A young woman accidentally drank herself to death most likely because she did not realise consuming straight spirits would have a significantly different effect than drinking pre-mixed drinks, a coroner has found.
Timaru 18-year-old Bayli Elliot arrived late to a party in the South Canterbury town last October and some of those at the party told police she was pressured to drink to catch up.
Those at the party were aged 16 to 20, and some were so drunk that night they had little memory of the events, coroner JP Ryan said in his report.
"One young woman informed police that Bayli started drinking straight from the vodka bottle but nobody noticed this at first.
"When the bottle was taken off her, Bayli was noted to be trying to get up but falling over.
"Some of those at the party reported that some pressure was put on Bayli to drink because she arrived late and had some catching up to do."
Ms Elliot was drinking tequila and Jagermeister as well as the vodka.
She lay down on the floor and went to sleep only about 30 minutes after arriving at the party and friends put her into the recovery position; her snoring reassured them she was simply asleep.
However, when the party host's mother arrived home about 12.30am she noticed Ms Elliot's hand was "quite grey" and tried unsuccessfully to wake her. She could not find a pulse so rolled her over and found her face pale and slightly purple, so phoned for an ambulance.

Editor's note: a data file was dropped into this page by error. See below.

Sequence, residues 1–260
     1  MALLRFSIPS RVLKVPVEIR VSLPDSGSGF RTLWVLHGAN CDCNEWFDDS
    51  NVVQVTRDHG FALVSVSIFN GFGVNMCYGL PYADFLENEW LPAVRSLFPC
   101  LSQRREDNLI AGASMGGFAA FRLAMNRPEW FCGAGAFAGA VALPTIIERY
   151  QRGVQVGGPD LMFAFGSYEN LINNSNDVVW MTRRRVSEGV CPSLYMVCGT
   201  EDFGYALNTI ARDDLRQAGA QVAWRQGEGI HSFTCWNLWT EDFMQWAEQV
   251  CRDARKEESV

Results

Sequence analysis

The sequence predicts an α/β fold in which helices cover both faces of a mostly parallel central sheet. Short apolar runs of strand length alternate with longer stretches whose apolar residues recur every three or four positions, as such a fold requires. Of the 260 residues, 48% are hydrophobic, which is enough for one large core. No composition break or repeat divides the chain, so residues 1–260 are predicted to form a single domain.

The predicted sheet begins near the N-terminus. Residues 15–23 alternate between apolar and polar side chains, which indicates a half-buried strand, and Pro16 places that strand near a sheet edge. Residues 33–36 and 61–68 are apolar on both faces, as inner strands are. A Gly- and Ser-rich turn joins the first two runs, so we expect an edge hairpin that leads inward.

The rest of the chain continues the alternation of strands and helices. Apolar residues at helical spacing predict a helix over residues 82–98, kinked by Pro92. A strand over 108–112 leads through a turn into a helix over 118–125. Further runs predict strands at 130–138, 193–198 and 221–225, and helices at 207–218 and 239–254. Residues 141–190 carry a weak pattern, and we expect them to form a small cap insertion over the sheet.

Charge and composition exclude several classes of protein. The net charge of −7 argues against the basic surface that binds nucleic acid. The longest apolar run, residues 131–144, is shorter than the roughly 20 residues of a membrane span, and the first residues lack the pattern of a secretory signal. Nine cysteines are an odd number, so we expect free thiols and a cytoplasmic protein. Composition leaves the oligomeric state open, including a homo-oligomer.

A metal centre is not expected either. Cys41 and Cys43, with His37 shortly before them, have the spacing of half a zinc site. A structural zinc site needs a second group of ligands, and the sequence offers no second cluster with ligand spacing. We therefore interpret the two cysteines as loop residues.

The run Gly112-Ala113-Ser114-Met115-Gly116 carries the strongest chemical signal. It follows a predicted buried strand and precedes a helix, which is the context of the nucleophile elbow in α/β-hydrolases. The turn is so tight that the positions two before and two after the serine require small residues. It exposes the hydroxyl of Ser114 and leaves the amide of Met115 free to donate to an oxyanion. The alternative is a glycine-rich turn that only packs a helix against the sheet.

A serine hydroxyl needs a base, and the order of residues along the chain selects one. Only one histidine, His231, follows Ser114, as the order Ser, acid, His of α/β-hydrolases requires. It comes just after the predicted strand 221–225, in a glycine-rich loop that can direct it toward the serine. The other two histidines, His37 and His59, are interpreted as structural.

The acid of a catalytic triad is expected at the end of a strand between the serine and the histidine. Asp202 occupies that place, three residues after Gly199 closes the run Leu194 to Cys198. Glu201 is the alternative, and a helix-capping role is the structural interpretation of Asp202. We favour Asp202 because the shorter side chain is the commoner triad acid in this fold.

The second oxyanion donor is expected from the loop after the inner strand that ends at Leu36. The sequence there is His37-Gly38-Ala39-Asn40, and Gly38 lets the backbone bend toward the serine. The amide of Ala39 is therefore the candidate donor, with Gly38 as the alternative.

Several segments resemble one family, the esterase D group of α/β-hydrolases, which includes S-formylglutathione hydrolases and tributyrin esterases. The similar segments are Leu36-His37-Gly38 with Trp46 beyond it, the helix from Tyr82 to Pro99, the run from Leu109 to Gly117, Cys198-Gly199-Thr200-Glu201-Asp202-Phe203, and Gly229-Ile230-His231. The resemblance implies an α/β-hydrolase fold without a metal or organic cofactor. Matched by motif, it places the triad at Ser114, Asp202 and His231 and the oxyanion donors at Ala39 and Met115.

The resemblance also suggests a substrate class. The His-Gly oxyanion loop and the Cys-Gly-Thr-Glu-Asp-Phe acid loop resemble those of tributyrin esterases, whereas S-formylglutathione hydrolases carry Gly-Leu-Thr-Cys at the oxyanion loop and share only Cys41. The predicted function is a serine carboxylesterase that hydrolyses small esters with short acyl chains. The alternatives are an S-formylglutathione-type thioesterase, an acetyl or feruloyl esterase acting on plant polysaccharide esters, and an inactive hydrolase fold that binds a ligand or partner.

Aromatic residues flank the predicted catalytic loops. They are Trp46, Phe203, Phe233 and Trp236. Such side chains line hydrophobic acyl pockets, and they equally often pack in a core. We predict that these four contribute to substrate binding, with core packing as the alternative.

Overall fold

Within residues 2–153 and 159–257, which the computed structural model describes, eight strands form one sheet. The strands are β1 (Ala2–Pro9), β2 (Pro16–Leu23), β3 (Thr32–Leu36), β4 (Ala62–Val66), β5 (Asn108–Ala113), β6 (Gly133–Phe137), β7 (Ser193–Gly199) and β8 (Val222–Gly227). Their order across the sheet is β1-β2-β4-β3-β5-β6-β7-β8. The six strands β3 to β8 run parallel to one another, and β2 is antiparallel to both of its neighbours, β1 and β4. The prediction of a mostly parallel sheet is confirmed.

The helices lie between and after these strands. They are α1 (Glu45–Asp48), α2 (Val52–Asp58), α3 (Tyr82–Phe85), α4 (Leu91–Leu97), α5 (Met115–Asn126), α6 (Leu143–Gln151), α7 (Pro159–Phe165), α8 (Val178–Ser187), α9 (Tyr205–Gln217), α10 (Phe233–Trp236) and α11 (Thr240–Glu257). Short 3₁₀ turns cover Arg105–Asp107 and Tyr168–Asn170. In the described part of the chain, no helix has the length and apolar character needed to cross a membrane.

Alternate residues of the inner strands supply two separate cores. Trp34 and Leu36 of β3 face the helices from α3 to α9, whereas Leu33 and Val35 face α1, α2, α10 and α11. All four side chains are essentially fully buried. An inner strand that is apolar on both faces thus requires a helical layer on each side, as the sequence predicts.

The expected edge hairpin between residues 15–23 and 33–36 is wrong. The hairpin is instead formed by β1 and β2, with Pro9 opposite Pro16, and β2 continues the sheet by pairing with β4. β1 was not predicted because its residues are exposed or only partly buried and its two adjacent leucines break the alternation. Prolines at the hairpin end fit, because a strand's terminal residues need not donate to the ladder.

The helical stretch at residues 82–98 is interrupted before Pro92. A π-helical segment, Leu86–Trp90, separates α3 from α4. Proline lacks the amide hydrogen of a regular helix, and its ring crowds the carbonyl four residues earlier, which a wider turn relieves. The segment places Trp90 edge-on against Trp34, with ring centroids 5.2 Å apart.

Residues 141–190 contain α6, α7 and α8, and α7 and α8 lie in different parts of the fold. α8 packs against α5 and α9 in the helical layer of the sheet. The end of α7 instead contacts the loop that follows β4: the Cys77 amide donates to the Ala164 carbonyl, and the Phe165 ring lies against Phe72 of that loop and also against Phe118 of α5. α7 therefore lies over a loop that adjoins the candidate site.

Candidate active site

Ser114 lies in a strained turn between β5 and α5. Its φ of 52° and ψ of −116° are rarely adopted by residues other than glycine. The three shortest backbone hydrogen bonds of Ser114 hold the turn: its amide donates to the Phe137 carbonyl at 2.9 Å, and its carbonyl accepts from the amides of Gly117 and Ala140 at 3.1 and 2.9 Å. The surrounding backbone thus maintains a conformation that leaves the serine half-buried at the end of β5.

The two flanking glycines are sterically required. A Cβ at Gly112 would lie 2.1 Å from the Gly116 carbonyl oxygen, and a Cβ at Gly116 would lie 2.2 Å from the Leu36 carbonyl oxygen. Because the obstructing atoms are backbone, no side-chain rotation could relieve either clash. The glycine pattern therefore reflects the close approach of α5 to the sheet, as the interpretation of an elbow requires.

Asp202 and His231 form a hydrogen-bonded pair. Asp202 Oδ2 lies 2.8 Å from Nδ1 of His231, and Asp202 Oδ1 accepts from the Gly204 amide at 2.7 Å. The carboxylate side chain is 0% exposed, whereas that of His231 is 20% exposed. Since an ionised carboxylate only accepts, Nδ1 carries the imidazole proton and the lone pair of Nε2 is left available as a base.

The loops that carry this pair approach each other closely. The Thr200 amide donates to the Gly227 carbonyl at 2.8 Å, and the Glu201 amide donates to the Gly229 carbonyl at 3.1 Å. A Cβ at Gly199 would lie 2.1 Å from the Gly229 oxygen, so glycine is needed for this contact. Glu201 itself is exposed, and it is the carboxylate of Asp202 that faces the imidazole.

The woman performed CPR but Ms Elliot could not be revived. She had a blood alcohol level of 315 milligrams of alcohol per 100 millilitres of blood; the legal limit for a driver over the age of 20 is 80 milligrams per 100 millilitres.
The woman told police she left her son at the house with two friends before going out. She had checked with the young women "that their parents had no problem with them drinking, and was told this was the case".
Her son told her two more people were expected, and she went out about 8.30pm.
Ms Elliot's mother, Michelle Parker, told the inquest she had called her daughter upon arriving home about 10pm to find she was out. Ms Elliot told her her mother she was fine and there was a mattress for her to sleep on so she would stay the night.
Ms Parker said her daughter was "a very responsible, straight kid" who did not drink very much, so she was not worried about her.
Coroner Ryan said he accepted Ms Parker's assertion Ms Elliot was most likely not aware drinking straight spirits would have a significantly different effect on her than drinking pre-mixed ones.
He found she died of acute alcohol intoxication "and this was an unintended consequence of her own actions".